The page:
Monday, May 02, 2005


Today’s thoughts are about movies and movie reviewers. Movie reviewers that appear on my TV screen as brightly polished and professional individuals with an impressive vocabulary peppered with intelligent reason. Critics that proudly relish their task of summarizing movie plots and handing out marks of merit. But nevertheless, I feel sorry for them.

What an occupation? To spend lazy summer days cooped up in some room watching two or three movies back to back every damn day of your life. It’s a situation to be pitied. That’s how I feel but I have never been much for watching movies. Two hours is too long for me to remain relatively immobile and focused on the small screen. Movie-watching, in my youth, probably averaged one movie a week. Now, even with satellite TV, my movie-watching has only plummeted more. Now I watch one movie every two months (if I manage to stay awake that long).

But yet I know so many people who are absolutely addicted to movies. A fellow told me the other day that on his days off work he is happiest if he gets a chance to watch 4 movies back to back. And GD (granddaughter) is addicted to movies despite the incredible and laughable stuff on channels like Animal Planet and the phenomenal stuff on National Geographic and the History channel. I don’t understand it.

And in thinking about my own movie watching, I also don’t understand why I find a 2-hour movie overly long, but yet I can sit down and read a book for four hours or watch a 2-hour documentary without misgivings, or sit here blogging for a couple hours without even noting the passage of time. That doesn’t make any more sense than other peoples’ movie addictions. But back to my discussion.

Now last night, unable to find any new news (which sometimes happens on Sundays) or documentaries that appealed to me, I decided to watch a movie. I picked one with a 4-star rating. But to my dismay, the first hour and a half dragged by at a tedious pace. The action dragged, the storyline dragged. Dragging, dragging, dragging. But then, things picked up. The movie is now more than halfway through and there are a host of interesting complexities developing. I am no longer reclining in my chair; I am sitting up straight and paying acute attention. Breathless with anticipation.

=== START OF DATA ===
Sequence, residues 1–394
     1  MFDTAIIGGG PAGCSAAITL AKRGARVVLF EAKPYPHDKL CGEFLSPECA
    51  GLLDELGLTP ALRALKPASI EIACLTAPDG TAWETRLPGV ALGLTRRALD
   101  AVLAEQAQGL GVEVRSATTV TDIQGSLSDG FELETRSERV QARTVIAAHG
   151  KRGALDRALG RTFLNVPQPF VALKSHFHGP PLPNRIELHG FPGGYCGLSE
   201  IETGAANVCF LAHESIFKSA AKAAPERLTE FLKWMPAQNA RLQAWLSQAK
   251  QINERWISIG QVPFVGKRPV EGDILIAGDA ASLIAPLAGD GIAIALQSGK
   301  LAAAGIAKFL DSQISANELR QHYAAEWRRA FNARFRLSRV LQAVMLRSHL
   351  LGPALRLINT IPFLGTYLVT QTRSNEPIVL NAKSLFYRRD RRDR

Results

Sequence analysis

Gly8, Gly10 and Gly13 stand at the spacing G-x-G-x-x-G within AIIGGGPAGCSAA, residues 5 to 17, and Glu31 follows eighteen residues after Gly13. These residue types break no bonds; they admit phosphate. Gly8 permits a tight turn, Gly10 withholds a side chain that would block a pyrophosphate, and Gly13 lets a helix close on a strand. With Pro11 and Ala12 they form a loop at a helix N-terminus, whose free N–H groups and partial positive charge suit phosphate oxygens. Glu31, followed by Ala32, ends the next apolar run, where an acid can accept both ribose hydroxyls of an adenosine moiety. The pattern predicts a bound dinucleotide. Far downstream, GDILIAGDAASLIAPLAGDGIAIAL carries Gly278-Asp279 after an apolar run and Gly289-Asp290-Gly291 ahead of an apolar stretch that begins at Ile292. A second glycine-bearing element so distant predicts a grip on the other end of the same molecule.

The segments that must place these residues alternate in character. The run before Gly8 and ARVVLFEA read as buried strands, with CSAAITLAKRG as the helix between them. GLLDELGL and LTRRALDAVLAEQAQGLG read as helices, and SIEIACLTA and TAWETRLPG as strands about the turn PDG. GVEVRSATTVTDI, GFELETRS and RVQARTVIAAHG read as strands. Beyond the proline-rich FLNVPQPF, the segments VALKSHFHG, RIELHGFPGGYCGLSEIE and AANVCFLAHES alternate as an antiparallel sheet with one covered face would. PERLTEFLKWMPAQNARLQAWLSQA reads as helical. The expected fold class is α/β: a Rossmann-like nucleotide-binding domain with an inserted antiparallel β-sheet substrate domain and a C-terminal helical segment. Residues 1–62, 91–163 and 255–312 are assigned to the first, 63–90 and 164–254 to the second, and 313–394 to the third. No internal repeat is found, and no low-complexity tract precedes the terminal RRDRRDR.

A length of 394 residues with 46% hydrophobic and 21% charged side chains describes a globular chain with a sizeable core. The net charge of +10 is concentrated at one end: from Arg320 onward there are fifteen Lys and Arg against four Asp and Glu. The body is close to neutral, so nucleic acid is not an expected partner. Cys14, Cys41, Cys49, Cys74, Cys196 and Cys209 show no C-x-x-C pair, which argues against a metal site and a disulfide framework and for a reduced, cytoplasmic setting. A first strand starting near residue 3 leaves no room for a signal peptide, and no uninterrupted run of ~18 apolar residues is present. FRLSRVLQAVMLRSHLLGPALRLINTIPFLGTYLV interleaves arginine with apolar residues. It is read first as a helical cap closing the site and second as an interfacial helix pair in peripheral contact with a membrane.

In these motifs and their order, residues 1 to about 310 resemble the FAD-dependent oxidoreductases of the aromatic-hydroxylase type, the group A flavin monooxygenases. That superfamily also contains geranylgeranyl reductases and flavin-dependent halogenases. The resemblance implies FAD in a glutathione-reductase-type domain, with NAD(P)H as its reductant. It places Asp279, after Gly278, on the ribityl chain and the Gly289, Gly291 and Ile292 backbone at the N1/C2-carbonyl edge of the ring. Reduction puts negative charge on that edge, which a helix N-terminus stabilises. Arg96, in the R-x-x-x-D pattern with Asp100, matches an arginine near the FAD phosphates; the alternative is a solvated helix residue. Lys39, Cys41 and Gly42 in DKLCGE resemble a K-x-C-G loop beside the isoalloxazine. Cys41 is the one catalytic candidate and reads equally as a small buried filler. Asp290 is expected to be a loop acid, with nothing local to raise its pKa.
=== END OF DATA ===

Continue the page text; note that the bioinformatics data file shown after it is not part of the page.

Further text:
And then, low and behold, here come the credits. I blinked in astonishment. I couldn’t believe what I was seeing. My God, even with those credits rolling, I could not fathom that was the end of the movie. I even checked the remote to see if I had accidentally changed the channel. No, hadn’t done that. Then I wondered if the movie might have been truncated to fit an overly-tight television timeslot. Hub assured me that would not be the case. I sat there in total disbelief. Unable to accept that such a non-climactic ending could occur with all those unresolved situations.

So now today, I want to tell those movie critics, those poor souls engaged in that occupation, that regardless if a movie has blazing action, tear-jerking emotion, real-life drama, or uncanny believability, none of that matters if:

"when it ends, you can’t believe that is the end!"

Think about it. If anything in life – and I emphasize ‘anything’ – unexpectedly ends without the participant being able to fathom that is the end (i.e. sex, dinner, a dance, a relationship, etc.), that is bloody disturbing. As disturbing as watching a world class hockey match conclude in a tie. And movies are no different. And how should critics rate these kinds of cut-offs? If the rating system is 5 possible stars, that kind of performance deserves 5 stripes. (i.e. -----). And if the rating is 5 possible popped popcorns, that movie deserves no less than 5 ‘old maids’.

In conclusion, it’s been quite a few years since that day of enlightenment, when a few of Hollywood’s script writers realized that movies don’t have to be chained to plots that reinforce how good triumphs over evil. And the realization that movies don’t have to end with a hero and heroine living happily ever after. But when did someone decide a movie can be worthy of the time and money it takes to write it, produce it, and market it, or even watch it, when it is as inconclusive and unending as space and time?

Believe it or not, this is the end of this discussion. The credits are rolling. What do you mean, you can’t believe this is the end of my rant?


Links to this post:

Create a Link

<< Home